The Petronio Álvarez Seeks to Become the Most Important Afro Festival in Latin America

With Brazil as the First Guest Country and Concerts by ChocQuibTown and Susana Baca, the 26th Edition of the Petronio Álvarez Pacific Music Festival Will Take Place in Cali.

Participants of the Petronio Álvarez Festival

Photo: Sol Robayo

LatinAmerican Post | Julián Gómez

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Leer en español: El Petronio Álvarez busca convertirse en el festival afro más importante de Latinoamérica

A paradox was that the author of 'Mi Buenaventura', one of the most representative songs of the port and Valle del Cauca, ended his life as a locomotive engineer and not as a musician. It was Germán Patiño who noticed the situation and in August 1996 baptized with the name of that composer an event that brought together the different types of Pacific folk music to honor his legacy with the Petronio Álvarez Pacific Music Festival.

Since then, Petronio Álvarez has not stopped, not even during the pandemic. In the Alberto Galindo Sports Unit or Petronio Citadel, from August 10 to 15, this event will take place, which will try to become the most important for Afro culture event in Latin America. Now it transcended from music to gastronomy, fashion and crafts. There will be 44 groups that will compete for the Bass Drum, award from Petronio Álvarez, in the categories of Chirimía, Caucano Violin, Marimba and Traditional Songs and Free Version.

There will also be workshops, talks, business roundtables and concerts, among which the presentation of ChocQuibTown, the Peruvian Susana Baca, Totó La Momposina and the group Ile Aye from Brazil stand out.

This year, the festival will have several novelties. The main one is that, for the first time in 26 editions, there will be a guest country such as Brazil. The link between the border countries was promoted by IBRACO (Institute of Culture Brazil and Colombia). This entity will present a cultural sample and will provide pedagogy for attendees who want to learn Portuguese in the 'Quilombo', a space that they were granted as a guest country.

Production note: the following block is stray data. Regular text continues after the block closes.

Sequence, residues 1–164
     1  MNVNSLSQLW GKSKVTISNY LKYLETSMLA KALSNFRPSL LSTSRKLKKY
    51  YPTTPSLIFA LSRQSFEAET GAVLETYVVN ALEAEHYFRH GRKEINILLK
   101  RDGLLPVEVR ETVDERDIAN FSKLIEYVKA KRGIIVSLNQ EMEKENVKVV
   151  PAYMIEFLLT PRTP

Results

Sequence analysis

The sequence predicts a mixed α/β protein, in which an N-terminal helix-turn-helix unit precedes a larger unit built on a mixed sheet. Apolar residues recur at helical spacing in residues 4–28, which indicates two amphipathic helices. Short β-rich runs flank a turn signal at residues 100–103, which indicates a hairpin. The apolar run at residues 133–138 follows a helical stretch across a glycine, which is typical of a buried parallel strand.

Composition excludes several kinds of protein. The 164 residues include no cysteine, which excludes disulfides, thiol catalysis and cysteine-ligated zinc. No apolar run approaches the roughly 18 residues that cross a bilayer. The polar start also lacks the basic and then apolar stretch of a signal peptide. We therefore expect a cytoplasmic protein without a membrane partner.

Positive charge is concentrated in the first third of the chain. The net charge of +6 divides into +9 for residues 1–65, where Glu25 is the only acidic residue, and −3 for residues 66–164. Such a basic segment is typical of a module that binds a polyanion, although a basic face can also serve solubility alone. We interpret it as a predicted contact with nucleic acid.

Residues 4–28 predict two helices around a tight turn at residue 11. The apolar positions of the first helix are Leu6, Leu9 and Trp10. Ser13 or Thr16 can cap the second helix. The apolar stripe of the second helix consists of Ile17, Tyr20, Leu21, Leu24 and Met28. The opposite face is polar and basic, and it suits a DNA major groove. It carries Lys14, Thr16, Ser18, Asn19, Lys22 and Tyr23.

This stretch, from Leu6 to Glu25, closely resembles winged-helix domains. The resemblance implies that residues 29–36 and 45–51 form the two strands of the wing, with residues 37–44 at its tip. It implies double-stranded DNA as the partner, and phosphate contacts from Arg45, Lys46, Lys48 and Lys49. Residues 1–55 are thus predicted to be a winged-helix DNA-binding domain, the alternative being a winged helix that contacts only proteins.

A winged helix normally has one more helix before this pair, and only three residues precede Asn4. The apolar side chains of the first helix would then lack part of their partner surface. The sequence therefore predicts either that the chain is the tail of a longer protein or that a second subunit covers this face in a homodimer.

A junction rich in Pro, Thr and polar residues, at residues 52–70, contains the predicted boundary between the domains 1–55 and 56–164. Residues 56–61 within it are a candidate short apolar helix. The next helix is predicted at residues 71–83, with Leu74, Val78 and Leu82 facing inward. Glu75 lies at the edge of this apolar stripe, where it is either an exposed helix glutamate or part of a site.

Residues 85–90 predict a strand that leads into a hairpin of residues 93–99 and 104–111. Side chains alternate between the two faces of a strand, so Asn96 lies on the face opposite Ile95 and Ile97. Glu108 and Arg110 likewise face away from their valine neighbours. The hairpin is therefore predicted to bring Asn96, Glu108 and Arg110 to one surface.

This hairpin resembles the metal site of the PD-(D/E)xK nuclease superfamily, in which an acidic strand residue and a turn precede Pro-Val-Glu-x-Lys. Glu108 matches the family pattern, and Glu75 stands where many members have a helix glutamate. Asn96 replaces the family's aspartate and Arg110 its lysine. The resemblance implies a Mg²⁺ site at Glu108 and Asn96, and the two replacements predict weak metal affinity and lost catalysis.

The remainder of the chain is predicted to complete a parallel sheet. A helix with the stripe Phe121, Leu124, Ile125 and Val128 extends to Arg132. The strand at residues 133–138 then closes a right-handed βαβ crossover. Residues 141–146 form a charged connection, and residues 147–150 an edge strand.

Who was Petronio Alvarez?

He was born in Buenaventura on November 1, 1914, and, during his adolescence, he began his musical career after having learned to play the guitar empirically.

Although he never put aside his artistic vein and founded the Buenaventura Group, he began by helping his mother sell empanadas. Later, he worked in the port of Buenaventura selling water and ended his working life as a driver for the La Palmera locomotive in Cali.

He was well known on the cultural scene. "Mi Buenaventura", which was played on local radio stations, became the alternative anthem of the Valle del Cauca district. In addition, he composed other renowned songs, such as "El Porteñito" or "Adiós Al Puerto".

Petronio Álvarez died on December 10, 1966, in Cali due to bone cancer. 30 years later, Germán Patiño honored him by baptizing what would become the most important festival of Afro-Colombian culture in the country.

Read also: La Magdalena Fest Returns: A Festival With the Highlights of Colombian Culture

How did the festival start?

When he was serving as Secretary of Culture of Cali, Germán Patiño proposed that it was crucial to carry out a large-scale Pacific music festival and Germán Villegas, governor of Valle del Cauca, gave the approval.

Although the musical competition brought the best of the Pacific Coast groups to Cali, the attendees of the event in the first years were Afro population that lived in the capital of Valle del Cauca and found in the days of the festival a moment of brotherhood to abstract from the dynamics of city dwellers and connect with ancestral roots. Many of the attendees were people displaced by the armed conflict who migrated to this city because of its proximity to the Pacific.

They started with 200 to 300 people. From hundreds, they went to thousands, and from thousands to hundreds of thousands in 2019. Petronio Álvarez's bet is that this year there may be about half a million attendees to the different activities for the days that the festival lasts.

Along the way of these 26 editions, the most important titans of salsa have participated, such as Alexis Lozano, director of Guayacán Orquesta, and Jairo Varela, founder of Grupo Niche. Groups like Herencia de Timbiquí, ChocQuibTown or figures like Nidia Góngora took their first steps on the platform of Petronio Álvarez.

When the pandemic hit, the festival did not stop and a virtual version was held in 2020 and a version with reduced capacity in 2021. Now it will return with full capacity.

As Cali is the second city with the largest Afro-descendant population in Latin America, a special edition is sought in order to recognize the contribution of the black community to the city. The festival was born there and has opened connections with Bogotá, where an exhibition was held and the official launch of Petronio Álvarez took place on July 29. It also seeks internationalization and that is why Brazil is the guest foreign country. In addition, this year, groups from Ecuador will participate.